On Tuesday, the UK Supreme Court will rule on the government’s Brexit
plans. The case is less of a market focus than the original hearing in
November, but could be just as important for the Brexit process.
What issues are at stake? The
ruling concerns the appeal of government lawyers against the High
Court’s judgment in November that parliamentary approval must be sought
before the triggering of Article 50 (A50), the political process
The Supreme Court is widely expected to uphold the original High Court decision and reject the government’s appeal.
The government has confirmed that if this is the case, it will
introduce primary legislation to enable the triggering of A50 along the
lines of a very narrow bill with limited or no restrictions over the
government’s negotiating position from parliament.
Scenarios and market implications (assuming government loses appeal)
Scenario 1: Government loses appeal but wins parliamentary vote on narrow Brexit Bill - 50% probability
Government loses appeal but loses parliamentary vote on narrow Brexit
Bill. Snap general election then most likely outcome. – 20% probability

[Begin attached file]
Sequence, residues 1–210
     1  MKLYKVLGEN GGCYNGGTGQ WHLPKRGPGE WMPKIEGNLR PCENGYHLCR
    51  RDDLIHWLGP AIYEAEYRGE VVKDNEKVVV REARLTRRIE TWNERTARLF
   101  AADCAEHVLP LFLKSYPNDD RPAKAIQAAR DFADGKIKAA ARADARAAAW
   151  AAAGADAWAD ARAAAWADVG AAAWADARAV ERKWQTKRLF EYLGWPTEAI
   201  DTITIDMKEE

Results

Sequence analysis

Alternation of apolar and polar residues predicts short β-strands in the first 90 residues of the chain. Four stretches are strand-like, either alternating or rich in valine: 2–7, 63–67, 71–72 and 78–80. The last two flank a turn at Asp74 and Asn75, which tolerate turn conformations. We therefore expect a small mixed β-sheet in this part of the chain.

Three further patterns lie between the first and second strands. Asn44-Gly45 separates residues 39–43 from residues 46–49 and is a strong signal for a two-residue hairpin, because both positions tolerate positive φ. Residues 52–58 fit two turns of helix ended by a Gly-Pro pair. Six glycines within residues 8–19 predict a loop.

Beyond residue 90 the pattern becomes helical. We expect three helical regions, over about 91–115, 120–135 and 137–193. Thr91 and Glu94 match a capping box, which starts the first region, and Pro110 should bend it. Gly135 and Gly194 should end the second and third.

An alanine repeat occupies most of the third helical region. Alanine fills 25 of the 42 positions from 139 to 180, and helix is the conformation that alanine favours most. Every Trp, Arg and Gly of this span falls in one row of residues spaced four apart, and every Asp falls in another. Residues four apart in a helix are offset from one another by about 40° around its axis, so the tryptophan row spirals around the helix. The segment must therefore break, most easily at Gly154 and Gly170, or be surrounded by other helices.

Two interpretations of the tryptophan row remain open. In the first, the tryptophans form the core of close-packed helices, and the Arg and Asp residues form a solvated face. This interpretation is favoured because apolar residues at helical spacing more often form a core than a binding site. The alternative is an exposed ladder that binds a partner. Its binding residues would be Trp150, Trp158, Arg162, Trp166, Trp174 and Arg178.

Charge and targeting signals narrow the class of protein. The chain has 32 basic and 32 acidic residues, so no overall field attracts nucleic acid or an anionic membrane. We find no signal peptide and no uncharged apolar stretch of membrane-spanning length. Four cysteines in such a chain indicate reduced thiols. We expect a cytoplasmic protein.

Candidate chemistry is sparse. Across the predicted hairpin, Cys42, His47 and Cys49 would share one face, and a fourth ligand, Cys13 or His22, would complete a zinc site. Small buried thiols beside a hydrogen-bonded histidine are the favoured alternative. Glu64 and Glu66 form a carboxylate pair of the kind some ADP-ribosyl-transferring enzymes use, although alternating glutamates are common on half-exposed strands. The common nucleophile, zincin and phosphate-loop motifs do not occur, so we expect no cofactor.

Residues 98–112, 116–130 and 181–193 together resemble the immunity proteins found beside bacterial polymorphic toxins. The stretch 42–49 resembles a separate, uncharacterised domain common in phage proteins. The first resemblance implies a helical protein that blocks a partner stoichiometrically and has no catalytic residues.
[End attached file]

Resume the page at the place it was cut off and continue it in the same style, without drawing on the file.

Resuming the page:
Scenario 3: Supreme
Court rules that devolved authorities must be consulted before
triggering of A50 or 1972 EU Communities Act repealed or ECJ opinion
consulted – 30% probability
bottom line is that details rather than headlines will matter tomorrow.
Our base case remains that the government will lose the Supreme Court
appeal but succeed in introducing a narrow bill enabling a triggering of
Article 50 by the stated end-March deadline.
Should scenario 2 or 3 materialize, however, the government’s Brexit
plans would be compromised, and an at least short term correction in
sterling would be justified.
In case the Supreme Court will agree, Ms. May would need parliamentary approval from the Scottish and Welsh assemblies, as well. Taking Scotland’s opposition in relation to Brexit, such result would most certainly be not in favor of the government.
The research team at TDS has stated:
“After PM May’s Brexit speech last week, which dealt with some of the bigger Brexit issues, how exactly Article 50 gets triggered doesn’t seem all that important anymore. We look for the Court to rule that Parliament must vote to trigger Article 50, but any rally in GBP should be short-lived.“
They believe that the following two potential announcements will impact GBP:
1) Wales, Northern Ireland, and Scotland are all required to agree on the Article 50 invoke process
2) the Great Repeal Act needs to be approved first. Read more...